You may be familiar with stethoscopes and blood pressure cuffs, and you may have even heard of an otoscope, the device used to check your ears, but can you name any of the instruments used by eye doctors? Eye doctors, also known as ophthalmologist or Optometrists, use specific tools, called ophthalmic instruments, to conduct routine eye exams and diagnose conditions of the eye. Capital Ophthalmic Instrument Service specializes in the sale and repair of these devices, so we’d like to share a little more about the tools you might see at your next exam!
Better? Or worse? Better? Or Worse? Sound familiar? When an eye doctor has determined there is a problem with your vision, such as near- or farsightedness, he or she will use a phoropter to determine which lens will work best to correct the vision problem. A phoropter is special machine used to alternate different prescription strength lenses in front of your eyes. While you read the eye chart, the doctor will ask which lens is more clear for you, switching between them until your vision corrects. The eye doctor will use the readings from the machine to determine the prescription strength for your glasses or contacts.
One of the most important things an eye doctor does is inspect for eye disease or conditions that may lead to vision loss. In order to see inside the eye, your optician will apply eye drops to dilate, or open up the pupil while you sit down in front of a Slit Lamp. This ophthalmic instrument is essentially a microscope with a strong light and a place to rest your head. Placing your chin on the chin rest and your forehead against a strap stabilizes your head and makes it easier for the eye doctor to view internal structures of the eye with the brightly lit microscope.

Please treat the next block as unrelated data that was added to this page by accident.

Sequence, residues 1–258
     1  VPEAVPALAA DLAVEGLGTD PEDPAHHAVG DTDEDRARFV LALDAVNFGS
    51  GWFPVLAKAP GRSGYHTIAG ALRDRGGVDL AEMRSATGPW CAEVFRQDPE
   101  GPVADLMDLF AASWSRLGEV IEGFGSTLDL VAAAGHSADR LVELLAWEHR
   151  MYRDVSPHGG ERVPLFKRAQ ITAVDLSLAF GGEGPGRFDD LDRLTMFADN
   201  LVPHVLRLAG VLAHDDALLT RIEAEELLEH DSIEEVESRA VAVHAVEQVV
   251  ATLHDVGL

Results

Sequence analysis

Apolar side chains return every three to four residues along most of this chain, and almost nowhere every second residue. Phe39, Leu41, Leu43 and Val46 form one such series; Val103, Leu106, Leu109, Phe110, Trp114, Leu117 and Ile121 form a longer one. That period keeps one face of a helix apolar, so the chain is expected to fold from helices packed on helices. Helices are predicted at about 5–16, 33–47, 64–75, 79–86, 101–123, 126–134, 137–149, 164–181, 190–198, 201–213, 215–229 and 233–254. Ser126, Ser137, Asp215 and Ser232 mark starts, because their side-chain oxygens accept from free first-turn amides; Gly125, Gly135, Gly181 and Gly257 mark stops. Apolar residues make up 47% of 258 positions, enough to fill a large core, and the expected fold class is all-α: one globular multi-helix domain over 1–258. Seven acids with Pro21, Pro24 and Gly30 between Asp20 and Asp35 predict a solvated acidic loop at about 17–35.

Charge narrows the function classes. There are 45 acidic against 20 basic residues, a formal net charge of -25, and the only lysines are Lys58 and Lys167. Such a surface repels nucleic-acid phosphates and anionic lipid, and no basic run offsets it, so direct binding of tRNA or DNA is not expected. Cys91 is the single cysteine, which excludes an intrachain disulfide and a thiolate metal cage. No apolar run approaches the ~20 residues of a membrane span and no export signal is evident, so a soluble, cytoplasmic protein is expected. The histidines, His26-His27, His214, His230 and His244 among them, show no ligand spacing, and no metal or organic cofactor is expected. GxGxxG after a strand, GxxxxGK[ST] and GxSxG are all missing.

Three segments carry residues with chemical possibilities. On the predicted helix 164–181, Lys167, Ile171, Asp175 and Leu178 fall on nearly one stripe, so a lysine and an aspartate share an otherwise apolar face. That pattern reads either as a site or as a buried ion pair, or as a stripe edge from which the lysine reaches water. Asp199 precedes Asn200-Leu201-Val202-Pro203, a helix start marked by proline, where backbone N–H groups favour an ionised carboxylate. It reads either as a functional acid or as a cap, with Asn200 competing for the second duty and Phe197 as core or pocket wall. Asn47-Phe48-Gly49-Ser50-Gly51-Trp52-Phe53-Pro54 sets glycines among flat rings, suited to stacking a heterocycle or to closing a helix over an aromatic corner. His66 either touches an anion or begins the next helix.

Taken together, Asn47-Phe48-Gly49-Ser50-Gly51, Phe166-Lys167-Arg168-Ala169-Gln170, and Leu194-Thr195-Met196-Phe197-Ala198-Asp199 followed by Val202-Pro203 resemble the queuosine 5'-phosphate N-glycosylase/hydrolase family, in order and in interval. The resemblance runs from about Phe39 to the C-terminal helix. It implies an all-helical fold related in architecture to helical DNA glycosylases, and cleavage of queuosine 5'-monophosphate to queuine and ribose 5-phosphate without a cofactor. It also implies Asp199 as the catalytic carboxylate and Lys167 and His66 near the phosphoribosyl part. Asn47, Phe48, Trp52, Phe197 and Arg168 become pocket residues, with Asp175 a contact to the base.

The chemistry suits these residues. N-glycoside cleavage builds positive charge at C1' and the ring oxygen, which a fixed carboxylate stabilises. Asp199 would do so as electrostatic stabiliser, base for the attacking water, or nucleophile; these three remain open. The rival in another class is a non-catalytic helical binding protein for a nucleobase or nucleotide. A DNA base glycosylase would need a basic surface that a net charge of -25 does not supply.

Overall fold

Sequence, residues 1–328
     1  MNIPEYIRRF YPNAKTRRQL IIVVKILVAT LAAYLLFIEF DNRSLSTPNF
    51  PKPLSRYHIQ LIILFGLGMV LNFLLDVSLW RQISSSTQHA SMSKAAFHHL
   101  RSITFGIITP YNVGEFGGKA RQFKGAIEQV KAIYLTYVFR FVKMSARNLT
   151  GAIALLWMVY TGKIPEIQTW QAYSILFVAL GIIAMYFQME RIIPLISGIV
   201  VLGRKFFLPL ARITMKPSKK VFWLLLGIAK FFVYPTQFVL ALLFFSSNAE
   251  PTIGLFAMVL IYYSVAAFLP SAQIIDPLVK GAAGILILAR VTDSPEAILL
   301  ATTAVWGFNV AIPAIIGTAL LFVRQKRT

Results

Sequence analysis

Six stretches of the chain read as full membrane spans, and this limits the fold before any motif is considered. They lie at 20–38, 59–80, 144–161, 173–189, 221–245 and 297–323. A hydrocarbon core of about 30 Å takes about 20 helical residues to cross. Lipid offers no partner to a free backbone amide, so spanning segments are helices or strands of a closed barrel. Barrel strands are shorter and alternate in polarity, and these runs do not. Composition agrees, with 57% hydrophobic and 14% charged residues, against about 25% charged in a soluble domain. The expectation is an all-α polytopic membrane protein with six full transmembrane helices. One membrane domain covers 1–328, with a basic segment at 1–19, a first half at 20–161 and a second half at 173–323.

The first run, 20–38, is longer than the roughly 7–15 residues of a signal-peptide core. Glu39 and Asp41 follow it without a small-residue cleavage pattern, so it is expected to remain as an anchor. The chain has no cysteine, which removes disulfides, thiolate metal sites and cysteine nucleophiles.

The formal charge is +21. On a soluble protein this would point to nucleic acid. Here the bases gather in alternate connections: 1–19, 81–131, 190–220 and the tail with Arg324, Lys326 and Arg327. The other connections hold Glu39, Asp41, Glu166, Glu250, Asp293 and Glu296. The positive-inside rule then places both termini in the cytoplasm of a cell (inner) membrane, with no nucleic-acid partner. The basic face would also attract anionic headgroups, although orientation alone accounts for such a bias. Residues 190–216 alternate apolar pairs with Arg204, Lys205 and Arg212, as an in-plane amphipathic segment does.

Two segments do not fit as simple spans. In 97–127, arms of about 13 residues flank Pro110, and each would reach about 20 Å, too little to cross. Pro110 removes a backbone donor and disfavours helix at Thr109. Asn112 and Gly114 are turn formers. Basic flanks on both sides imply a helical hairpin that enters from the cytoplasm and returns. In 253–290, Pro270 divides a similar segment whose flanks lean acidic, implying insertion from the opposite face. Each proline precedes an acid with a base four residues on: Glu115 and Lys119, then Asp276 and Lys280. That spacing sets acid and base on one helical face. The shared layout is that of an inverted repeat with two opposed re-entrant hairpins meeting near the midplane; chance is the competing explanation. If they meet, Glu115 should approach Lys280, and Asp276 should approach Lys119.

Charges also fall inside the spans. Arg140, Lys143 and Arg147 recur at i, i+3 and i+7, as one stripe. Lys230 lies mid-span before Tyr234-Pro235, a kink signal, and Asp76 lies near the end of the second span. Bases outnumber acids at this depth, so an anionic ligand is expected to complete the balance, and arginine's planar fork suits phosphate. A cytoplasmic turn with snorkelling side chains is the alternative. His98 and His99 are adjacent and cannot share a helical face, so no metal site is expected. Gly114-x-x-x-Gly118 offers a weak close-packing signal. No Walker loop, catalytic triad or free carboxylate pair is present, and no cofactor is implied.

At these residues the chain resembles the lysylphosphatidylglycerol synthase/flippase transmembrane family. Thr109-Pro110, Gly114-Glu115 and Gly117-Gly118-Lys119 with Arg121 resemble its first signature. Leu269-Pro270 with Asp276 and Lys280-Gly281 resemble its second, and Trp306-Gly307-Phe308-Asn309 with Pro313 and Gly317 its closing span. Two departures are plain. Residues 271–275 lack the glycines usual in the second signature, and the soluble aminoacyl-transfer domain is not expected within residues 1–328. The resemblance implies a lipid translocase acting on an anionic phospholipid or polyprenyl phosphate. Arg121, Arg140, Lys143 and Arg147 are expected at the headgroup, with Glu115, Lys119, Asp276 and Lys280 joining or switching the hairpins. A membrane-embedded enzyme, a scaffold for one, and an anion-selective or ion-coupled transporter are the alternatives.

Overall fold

Glaucoma, one of the most well-known eye diseases, is often linked to increased pressure within the fluid-filled eye. A Tonometer measures this internal pressure, making it one of the primary tests for this condition. While there are different types of Tonometers, one you may commonly encounter delivers a quick puff of air to painlessly determine if there is any increased pressure inside.
Ophthalmic instruments like these often look complex, and even scary if you’re unfamiliar with them. But they are essential for enabling eye doctors to see inside your eyes, determine your prescription strength, and test for conditions like glaucoma. If you’d like to learn more about those crazy-looking eye doctor tools, or if you’re in the ophthalmology business and need equipment or repairs, call Capital Ophthalmic Instrument Services today! 770-213-5418